UNESCO World Heritage Sites in Southeast Asia

Angkor Archaeological Park, Cambodia

Angkor Archaeological Park tops my list of UNESCO World Heritage Sites in Southeast Asia you can’t miss, as it’s my favourite type of heritage sight – a sprawling archaeological site. Just fifteen minutes by tuk tuk from the riverside city of Siem Reap in northern Cambodia, Angkor is not only one of Southeast Asia’s most significant archaeological sites, it’s also the largest, spread over approximately 400 square kilometres of forest, fields and savannah. The area contains the stately ruins of various Khmer Empire capitals, dating from the 9th to the 15th century, including two of the most magnificent walled cities, surrounded by wide moats, Angkor Wat and neighbouring Angkor Thom, home to the rather surreal Bayon temple with its enormous carved smiling face towers. In addition to the scores of intricately carved temples, towers and shrines, also of outstanding value are the impressive hydraulic structures, including canals, reservoirs and dykes, which you’ll spot as you trundle through the countryside. Allow a minimum of three days and make an effort to get out of the Park to see more off the beaten track ruins, such as Banteay Chhmar, an ancient garrison city with walls covered in bas-reliefs and a lotus-filled moat near the Thai border. See our guide to lesser visited temples for more inspiration, along with this archaeologist’s guide to Angkor Archaeological Park and more Angkor tips from a local archaeologist for getting the most out of the temples. Allow at least three days for exploring Angkor Archaeological Park and a few more days for visiting more remote temples.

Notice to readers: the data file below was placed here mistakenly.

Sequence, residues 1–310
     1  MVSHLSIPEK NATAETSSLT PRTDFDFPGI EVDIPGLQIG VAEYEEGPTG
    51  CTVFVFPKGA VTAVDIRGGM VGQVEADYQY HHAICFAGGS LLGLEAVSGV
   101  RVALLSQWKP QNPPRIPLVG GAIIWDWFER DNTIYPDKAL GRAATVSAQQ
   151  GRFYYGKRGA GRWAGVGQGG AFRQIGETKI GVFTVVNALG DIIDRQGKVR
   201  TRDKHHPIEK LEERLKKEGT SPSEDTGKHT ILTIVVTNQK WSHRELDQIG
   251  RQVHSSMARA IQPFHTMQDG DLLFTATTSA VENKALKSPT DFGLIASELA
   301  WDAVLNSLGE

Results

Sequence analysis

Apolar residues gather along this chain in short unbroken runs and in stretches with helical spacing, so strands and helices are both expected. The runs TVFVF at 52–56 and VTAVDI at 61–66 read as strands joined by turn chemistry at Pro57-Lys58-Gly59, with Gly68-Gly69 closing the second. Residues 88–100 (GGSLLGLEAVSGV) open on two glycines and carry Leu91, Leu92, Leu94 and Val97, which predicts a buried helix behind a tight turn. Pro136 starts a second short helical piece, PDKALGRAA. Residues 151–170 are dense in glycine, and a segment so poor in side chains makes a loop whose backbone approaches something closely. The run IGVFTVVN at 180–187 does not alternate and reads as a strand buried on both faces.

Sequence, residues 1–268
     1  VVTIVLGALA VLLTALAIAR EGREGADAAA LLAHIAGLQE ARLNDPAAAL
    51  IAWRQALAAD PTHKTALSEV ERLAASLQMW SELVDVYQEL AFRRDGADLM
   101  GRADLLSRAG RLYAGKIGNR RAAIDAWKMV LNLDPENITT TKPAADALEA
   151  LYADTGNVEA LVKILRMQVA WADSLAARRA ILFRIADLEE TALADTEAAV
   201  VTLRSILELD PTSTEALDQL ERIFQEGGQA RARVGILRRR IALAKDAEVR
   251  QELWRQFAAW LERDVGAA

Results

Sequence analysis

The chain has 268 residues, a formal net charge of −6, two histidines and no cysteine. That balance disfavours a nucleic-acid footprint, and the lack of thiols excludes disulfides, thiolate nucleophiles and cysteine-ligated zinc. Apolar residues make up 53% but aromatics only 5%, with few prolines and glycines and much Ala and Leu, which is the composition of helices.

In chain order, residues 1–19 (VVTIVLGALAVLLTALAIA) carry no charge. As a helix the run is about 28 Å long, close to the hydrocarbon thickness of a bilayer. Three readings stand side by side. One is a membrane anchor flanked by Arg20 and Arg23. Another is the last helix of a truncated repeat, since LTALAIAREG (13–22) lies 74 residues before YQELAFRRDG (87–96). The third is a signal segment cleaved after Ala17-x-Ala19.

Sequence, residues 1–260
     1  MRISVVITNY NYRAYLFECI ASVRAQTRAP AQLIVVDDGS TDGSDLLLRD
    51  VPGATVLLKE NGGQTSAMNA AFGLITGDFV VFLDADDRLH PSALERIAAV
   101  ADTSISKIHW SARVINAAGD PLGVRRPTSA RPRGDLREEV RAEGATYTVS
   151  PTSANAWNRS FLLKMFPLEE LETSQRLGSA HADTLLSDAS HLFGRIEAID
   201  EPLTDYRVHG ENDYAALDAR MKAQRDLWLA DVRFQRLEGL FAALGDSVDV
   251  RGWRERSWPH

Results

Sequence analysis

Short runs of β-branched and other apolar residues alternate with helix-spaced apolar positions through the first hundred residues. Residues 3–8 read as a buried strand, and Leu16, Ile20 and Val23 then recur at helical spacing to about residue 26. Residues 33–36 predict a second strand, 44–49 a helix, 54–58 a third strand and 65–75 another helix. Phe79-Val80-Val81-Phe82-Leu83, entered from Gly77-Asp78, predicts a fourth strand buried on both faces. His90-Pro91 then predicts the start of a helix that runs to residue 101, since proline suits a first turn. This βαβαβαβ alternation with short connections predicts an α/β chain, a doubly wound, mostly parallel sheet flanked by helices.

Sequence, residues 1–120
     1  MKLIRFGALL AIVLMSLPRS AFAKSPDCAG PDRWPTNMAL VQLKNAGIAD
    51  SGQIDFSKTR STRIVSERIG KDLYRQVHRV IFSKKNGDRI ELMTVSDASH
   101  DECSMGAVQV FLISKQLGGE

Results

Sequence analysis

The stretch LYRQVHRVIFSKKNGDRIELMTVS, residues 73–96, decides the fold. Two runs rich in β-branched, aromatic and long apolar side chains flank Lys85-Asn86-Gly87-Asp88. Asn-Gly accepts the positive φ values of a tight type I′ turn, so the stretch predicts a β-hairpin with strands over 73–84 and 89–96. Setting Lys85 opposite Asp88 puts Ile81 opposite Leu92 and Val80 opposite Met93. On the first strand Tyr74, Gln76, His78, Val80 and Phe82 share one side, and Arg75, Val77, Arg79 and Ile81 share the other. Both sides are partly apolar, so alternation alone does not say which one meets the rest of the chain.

How to Get to Angkor Archaeological Park

There are flights from Singapore, Kuala Lumpur, Ho Chi Minh City, Bangkok, and other Southeast Asian cities to Siem Reap, the departure point for excursions to Angkor Archaeological Park. For more, see these posts on how to get to Siem Reap, our ultimate Guide to Angkor Archaeological Park (which covers how to get from Siem Reap to Angkor), and exploring Angkor Wat and other temples. There are more tips in this post answering Angkor FAQs.

Where to Stay Near Angkor Archaeological Park

The nearest town to Angkor Wat and Angkor Archaeological Park is Siem Reap, where you’ll find a mindboggling array of hotels, resorts, apartments, guesthouses, and backpacker hotels. We love stylish, intimate boutique hotels with swimming pools and superlative service, such as Sala Lodges, Viroth’s, Maison Polanka, and Templation. Peruse our guides to Siem Reap’s best boutique hotels and luxury for less in Siem Reap for more recommendations.

Things to Do In Siem Reap